An Occupy Miami protest in downtown on Tuesday, timed to coincide with May Day demonstrations by Occupiers across the country, involved a clash between protesters and police that ended with three arrests and accusations of violence by both sides.
With Walmart trying to garner local support for a proposed two-story store in Midtown, which would be its first Miami location, the retail giant is dealing with the fallout from a hard-hitting, 8,000-word New York Times story on alleged widespread corruption in Mexico.
Update: “In Los Angeles, a Wal-Mart building permit is getting a once-over. In New York, the City Council is investigating a possible land deal with the retailer’s developer in Brooklyn. A state senator in California is pushing for a formal audit of a proposed Wal-Mart in San Diego. And in Boston and its suburbs, residents are pressuring politicians to disclose whether they have received contributions from the company.” — from “Wal-Mart’s U.S. Expansion Plans Complicated by Bribery Scandal” (NYT, 4/31/12)
Love ‘em or lament ‘em, the food trucks are going to be back in full force at Art Walk Saturday night. The organizer of the food truck roundup, which sets up in a lot west of N.W. Second Avenue, between 22nd Street and 23rd Street, just sent out an email to all the trucks eligible for the event proclaiming, “WE HAVE A PERMIT AND THE EVENT IS OFFICIALLY ON! START TWEETING AND GET THE WORD OUT!”
On March 29, we gave you the opportunity to grill Walmart on its controversial plan to open its first location in the City of Miami, a two-story store in Midtown, and scores of you took the opportunity to be heard in the form of post comments, emails, tweets, and Facebook postings.
This is a community contribution as part of Beached Miami and Open Media Miami’s joint commitment to provide community news and opinion.
With thousands expected to attend a related rally at Bayfront Park on Sunday, an array of Liberty City community members, diverse in age and ethnicity, gathered in a brightly painted room at the Belafonte Tacolcy Center on Friday to pray and come to terms with the controversial death of Trayvon Martin at the hands of George Zimmerman, a neighborhood watch volunteer who was not officially arrested for the shooting.
A 17-year-old African American who attended Dr. Michael Krop Senior High School, Martin was visiting his father in Sanford, Fl., when Zimmerman shot him dead in an incident that has garnered international attention and outrage among those who see it as a case of deadly racial profiling. Zimmerman said he shot Martin in self-defense.
Walmart’s plan to open its first City of Miami location, a two-story store in Midtown, has sparked contentious debate between people who see it as a threat to an emerging neighborhood and others who see it as a boon to residents who will benefit from easy access to inexpensive goods and new jobs. With so much at stake, Beached Miami, which has been leading the local media with its coverage of the Midtown Walmart debate, asked the retail giant if it would field questions from our readers. To its credit, Walmart agreed to be grilled.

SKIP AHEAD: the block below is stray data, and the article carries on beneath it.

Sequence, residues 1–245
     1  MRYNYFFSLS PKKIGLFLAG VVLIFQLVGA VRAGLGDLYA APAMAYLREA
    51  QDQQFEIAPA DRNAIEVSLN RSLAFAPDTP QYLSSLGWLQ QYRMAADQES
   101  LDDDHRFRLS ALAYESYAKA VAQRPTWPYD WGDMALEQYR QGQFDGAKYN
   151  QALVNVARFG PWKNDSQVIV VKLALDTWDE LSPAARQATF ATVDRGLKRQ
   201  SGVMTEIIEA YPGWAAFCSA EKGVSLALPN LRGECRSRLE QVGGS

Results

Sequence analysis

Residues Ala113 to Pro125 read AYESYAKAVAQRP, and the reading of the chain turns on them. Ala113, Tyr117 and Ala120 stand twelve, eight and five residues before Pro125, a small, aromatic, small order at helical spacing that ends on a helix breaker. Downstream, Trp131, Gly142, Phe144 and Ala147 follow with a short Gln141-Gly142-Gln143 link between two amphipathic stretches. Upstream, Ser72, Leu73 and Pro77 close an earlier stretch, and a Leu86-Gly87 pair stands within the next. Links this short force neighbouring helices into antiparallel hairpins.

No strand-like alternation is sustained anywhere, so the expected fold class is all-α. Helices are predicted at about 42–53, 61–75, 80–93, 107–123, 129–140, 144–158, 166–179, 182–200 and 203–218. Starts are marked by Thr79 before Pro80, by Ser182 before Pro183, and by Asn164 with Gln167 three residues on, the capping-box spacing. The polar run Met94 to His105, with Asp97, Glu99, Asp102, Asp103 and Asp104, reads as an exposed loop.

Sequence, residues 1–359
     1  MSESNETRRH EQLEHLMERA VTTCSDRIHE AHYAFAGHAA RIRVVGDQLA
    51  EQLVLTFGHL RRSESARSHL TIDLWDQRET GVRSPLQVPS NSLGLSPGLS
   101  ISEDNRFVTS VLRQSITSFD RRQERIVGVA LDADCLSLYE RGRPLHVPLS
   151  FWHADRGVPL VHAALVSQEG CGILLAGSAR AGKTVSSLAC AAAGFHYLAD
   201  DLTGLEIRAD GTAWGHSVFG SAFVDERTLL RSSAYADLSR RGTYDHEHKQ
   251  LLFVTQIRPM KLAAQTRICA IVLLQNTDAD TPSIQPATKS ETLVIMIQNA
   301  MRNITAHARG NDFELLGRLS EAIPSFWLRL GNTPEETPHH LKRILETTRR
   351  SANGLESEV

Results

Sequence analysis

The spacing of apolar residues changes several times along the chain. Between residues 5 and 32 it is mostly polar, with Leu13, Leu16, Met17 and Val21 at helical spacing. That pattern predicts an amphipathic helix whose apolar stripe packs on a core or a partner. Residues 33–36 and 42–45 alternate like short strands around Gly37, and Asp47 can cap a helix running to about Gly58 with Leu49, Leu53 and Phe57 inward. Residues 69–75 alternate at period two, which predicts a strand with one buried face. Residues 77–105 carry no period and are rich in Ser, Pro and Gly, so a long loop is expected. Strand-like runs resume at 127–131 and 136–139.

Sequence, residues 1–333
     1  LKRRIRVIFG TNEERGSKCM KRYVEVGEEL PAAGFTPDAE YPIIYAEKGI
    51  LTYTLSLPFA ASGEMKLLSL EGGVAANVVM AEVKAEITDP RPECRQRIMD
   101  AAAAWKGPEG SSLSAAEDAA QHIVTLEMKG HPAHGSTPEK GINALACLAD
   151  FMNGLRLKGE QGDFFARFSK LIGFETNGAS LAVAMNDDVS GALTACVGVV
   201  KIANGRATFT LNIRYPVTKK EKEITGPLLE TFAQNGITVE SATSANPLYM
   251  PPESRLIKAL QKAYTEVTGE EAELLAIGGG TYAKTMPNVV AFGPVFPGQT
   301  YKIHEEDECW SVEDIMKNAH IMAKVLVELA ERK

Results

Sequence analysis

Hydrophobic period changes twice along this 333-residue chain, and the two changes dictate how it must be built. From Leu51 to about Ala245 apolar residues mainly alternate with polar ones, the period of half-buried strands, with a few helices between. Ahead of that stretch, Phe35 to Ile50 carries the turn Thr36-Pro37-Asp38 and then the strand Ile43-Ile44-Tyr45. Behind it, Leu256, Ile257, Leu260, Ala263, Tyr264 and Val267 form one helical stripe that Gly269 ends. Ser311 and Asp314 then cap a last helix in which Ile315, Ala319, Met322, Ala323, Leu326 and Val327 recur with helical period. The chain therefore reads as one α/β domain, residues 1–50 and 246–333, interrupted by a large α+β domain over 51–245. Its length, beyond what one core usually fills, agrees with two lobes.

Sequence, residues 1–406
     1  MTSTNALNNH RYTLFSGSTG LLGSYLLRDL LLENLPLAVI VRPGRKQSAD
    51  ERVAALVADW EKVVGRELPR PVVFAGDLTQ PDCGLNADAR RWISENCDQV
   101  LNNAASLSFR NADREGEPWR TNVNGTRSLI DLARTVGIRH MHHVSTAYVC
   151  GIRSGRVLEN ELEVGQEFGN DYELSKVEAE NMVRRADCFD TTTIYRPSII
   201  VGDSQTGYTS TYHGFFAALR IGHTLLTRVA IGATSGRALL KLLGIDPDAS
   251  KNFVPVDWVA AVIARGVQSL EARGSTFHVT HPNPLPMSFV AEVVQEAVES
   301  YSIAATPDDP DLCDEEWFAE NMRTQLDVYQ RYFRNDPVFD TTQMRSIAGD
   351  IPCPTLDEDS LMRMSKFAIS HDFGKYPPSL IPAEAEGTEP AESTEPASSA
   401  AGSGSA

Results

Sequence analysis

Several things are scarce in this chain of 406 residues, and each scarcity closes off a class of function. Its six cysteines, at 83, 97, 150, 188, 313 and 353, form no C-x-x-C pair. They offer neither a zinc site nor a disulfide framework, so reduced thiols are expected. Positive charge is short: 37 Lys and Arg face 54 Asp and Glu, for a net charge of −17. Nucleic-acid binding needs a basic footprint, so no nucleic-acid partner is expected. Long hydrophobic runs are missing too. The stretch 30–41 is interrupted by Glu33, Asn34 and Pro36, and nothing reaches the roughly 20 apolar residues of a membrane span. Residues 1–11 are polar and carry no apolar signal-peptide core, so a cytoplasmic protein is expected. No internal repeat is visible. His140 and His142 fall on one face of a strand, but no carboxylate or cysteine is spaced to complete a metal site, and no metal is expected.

There’s a new twist in the debate over Walmart and the future of Midtown Miami.
A developer opposed to the store opening in the neighborhood, Alex Vadia, has submitted to the City of Miami a preliminary design for “Mpark”, a new urban park to be located on a narrow strip of land on Midtown Boulevard near N.E. 29th Street. The location is significant: The park’s plan includes property that Walmart had planned to use to build the entrance for a parking garage with space for 650 cars.
I’m truly moved by Miami students’ mature and engaged response to Trayvon Martin’s killing. But watching this video of a protest in front of Dr. Michael M. Krop Senior High School, where both Trayvon and I went to school, I wonder: Where are the white students? Why aren’t they standing out there with their classmates?
The development company that owns Midtown Shops allegedly threatened to use an unorthodox legal tactic as part of its effort to bring Walmart to Midtown, one that the opposing lawyer called “distasteful” in a letter submitted to the City of Miami. That same letter also gives a hint of the legal and city code issues that could decide if the store is ever built or not.
The letter (in full below) is from Midtown Opportunities, a company managed by Alex Vadia that owns undeveloped land in Midtown and is opposed to Walmart’s plans to build a store in the neighborhood. The letter presents two key arguments:
Proposal: Line every street in Miami-Dade County with trees. Quick, you have only 20 seconds to explain how to do it. All you need is about $35 million, less than the average $40 million spent on one of Miami’s highway overpasses.
Scattering more than 1.2 million trees across the county was only one of 20 20-second presentations on how to make Miami’s urban communities more livable Thursday night at Wood Tavern in Wynwood. The format, started in Tokyo in 2003 by a pair of architects, is called Pecha Kucha — pronounce it as one word and let it roll off the tongue the way you would “buhdonkadonk.”